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    Jung's Avatar
    Jung Posts: 2, Reputation: 1
    New Member

    Apr 15, 2005, 04:22 PM
    F-1 Student with OPT 1099-MISC income
    I realize this is probably a lot of information but I've been on the IRS website multiple times and CANNOT figure out whether I owe taxes:

    1. I am currently on an F-1 visa for graduate school in Washington, D.C.

    - I arrived in the U.S. in Sept 97 on an F-1 visa for boarding high school.
    After graduating from high school in May 99, I received another F-1
    visa for 4 years for college (Sept 1999 to May 2003) I did a
    Semester abroad during my junior year and was out of the U.S. for
    Approximately 7 months from May 2001 to January 2002.

    - From September 2003 to May 2004, I was on an Optional Practical Training for approximately 9 months. Apart from my semester abroad and my vacations, I have been in the U.S. continuously. Other
    Than my OPT period (to be explained below), I held no jobs except sprodic on-campus employment. Am I definitely considered a resident for tax purposes?

    2. While I was on my OPT, I worked at a thinktank in D.C. for
    Approximately 9 months. I received a stipend (which was provided to me under a 1099-MISC instead of a W-2). For the year 2004, the total amount I received was $7,750 (which was why I didn't think I originally had to file because it was under the $7,950 filing amount) No taxes were withheld on this amount: do I owe social security and/or DC resident taxes even if OPT income is generally exempt for students?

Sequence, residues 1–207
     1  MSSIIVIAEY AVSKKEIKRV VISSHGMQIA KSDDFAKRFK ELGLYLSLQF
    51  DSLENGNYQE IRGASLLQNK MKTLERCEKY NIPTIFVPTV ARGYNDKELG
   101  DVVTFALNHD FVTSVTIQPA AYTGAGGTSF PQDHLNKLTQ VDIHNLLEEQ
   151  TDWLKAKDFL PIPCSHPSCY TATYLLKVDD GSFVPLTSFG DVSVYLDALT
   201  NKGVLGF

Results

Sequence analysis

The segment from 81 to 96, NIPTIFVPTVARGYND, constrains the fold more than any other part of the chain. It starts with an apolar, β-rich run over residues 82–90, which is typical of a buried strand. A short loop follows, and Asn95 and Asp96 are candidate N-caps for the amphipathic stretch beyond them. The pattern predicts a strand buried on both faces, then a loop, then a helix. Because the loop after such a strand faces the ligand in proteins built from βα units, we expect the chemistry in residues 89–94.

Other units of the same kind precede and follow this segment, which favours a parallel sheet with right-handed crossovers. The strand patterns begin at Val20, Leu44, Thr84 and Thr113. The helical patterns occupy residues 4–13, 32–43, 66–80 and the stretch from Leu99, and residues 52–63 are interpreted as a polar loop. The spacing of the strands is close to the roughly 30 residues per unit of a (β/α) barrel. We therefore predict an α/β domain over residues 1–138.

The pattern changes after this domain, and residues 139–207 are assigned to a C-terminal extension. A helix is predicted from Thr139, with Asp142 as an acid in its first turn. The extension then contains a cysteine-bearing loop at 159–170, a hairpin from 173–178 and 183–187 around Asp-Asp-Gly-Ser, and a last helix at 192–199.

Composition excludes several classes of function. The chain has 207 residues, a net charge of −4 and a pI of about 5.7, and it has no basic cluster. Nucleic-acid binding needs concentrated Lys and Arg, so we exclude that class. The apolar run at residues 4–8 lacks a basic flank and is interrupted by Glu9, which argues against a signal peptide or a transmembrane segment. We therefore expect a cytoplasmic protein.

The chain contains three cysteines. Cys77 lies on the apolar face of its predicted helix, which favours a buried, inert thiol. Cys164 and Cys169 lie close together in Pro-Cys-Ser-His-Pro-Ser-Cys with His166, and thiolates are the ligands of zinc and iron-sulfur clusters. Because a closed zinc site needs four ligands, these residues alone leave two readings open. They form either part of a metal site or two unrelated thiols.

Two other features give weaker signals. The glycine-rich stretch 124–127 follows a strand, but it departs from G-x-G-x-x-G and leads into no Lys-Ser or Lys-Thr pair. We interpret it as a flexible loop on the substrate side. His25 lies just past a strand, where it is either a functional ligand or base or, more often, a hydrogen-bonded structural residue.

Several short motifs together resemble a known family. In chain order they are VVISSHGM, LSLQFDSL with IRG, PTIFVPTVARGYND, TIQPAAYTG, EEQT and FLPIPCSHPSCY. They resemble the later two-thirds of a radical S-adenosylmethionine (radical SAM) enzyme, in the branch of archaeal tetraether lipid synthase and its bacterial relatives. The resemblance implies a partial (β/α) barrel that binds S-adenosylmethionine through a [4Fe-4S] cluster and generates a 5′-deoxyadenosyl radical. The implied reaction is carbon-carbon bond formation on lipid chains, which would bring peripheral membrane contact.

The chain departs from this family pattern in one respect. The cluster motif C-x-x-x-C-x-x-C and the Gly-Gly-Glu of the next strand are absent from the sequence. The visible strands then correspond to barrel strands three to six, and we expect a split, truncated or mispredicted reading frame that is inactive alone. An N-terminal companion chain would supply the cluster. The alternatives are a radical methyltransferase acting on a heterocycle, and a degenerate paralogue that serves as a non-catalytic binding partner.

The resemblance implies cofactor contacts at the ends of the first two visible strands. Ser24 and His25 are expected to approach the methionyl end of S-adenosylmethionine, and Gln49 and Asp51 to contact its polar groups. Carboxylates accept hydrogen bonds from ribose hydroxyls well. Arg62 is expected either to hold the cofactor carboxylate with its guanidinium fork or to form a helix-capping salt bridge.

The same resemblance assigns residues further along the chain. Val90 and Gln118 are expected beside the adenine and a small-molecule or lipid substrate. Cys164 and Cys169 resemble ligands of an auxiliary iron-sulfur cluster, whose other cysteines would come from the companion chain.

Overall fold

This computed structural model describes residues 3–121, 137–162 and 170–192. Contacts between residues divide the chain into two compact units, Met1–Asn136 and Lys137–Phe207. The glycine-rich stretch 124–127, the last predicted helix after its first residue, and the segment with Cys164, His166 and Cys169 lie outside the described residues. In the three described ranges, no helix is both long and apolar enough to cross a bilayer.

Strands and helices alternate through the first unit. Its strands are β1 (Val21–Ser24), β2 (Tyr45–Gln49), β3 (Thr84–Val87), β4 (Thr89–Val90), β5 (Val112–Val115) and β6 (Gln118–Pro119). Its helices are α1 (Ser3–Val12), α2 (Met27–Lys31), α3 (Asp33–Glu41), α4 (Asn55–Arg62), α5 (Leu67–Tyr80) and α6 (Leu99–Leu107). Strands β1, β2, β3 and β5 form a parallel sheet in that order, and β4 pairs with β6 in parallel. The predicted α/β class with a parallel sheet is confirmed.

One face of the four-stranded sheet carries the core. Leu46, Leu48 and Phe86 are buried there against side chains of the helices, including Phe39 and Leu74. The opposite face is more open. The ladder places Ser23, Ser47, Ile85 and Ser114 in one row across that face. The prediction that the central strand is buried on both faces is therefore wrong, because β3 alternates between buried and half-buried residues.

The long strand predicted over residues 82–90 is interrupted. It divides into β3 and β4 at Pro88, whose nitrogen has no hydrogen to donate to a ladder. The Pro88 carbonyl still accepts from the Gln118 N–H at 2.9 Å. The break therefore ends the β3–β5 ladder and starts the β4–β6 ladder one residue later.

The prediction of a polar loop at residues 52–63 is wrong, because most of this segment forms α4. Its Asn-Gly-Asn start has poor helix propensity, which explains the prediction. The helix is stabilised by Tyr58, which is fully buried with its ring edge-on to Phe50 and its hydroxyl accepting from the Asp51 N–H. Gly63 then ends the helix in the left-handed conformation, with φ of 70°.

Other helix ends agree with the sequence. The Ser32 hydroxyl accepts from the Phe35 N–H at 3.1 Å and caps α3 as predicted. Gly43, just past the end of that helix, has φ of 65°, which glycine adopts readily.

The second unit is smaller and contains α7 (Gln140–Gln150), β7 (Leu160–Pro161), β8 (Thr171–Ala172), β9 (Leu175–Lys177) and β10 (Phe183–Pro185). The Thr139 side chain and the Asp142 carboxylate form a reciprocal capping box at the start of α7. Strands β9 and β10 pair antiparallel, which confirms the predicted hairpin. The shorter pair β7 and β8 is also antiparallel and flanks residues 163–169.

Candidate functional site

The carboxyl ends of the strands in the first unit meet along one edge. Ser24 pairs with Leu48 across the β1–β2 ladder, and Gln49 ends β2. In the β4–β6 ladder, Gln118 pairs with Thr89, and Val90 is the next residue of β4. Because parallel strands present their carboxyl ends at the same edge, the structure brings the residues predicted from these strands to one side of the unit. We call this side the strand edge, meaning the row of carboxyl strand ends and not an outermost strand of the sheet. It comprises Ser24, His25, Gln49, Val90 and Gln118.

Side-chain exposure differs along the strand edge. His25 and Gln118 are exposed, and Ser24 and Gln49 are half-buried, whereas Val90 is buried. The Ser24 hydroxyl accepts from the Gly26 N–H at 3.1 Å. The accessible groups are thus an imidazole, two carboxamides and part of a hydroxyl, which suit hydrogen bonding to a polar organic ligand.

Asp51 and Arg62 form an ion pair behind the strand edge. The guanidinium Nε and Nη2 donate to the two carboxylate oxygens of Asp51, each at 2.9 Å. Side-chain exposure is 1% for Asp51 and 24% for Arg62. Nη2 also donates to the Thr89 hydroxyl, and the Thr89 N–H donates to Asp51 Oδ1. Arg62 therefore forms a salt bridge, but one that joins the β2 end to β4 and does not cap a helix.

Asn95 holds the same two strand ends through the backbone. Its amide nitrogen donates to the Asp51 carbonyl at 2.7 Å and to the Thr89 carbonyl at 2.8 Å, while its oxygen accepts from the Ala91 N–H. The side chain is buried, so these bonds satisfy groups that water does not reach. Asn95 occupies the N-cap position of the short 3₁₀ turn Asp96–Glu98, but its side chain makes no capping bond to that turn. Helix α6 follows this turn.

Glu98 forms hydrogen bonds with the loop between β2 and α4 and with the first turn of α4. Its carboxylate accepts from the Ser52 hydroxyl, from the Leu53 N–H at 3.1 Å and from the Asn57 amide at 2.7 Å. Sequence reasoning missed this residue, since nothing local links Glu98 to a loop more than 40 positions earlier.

3. I am a citizen of the Republic of Korea. If I do have to pay taxes, Do I qualify for any tax treaty benefit?

    4. Given that I will not probably not make the filing deadline, do I
    Need to be worried about the penalties to be charged?

    Thank you in advance. I would really appreciate ANY help that people are willing to provide regarding this issue.
    AtlantaTaxExpert's Avatar
    AtlantaTaxExpert Posts: 21,836, Reputation: 846
    Senior Tax Expert

    Apr 15, 2005, 08:15 PM

    1) Since you were on a F-1 visa for all that time, you were considered an "exempt individual". The time under F-1 visa does not count for the Substantial Presence Test. You must file as a nonresident alien using Form 1040NR, using Schedule C to report the Form 1099-MISC income and deduct any expenses associatd with earning that income. You also need to file Form 8843 to account for your days under the F-1 visa.

    2) Because you are a nonresident alien, you are exempt from Social Security and Medicare taxes or self-employment taxes. For this reason, do not file Schedule SE. However, you cannot claim a standard deduction, only the itemized deductions allowed on the Schedule A that is part of the Form 1040NR.

    3) Under the tax treaty with the Republic of Korea, the first $2,000 of any income earned is exempt from taxation by either the U.S. or any state governments.

    4) It looks like you will owe some taxes, and therefore will owe a late payment penalty, but it will not amount too much. Your total taxable income is not more than $2,650, which means your tax is about $265. The late fees and interest should not exceed $5.

    5) If DC has an income tax, you may owe them as well, though, again, it will not be much. The $2,000 tax treaty exemption applies to the DC taxes as well.
    Jung's Avatar
    Jung Posts: 2, Reputation: 1
    New Member

    Apr 17, 2005, 09:39 AM
    Thanks and further inquiry~
    Dear Atlanta Tax Expert,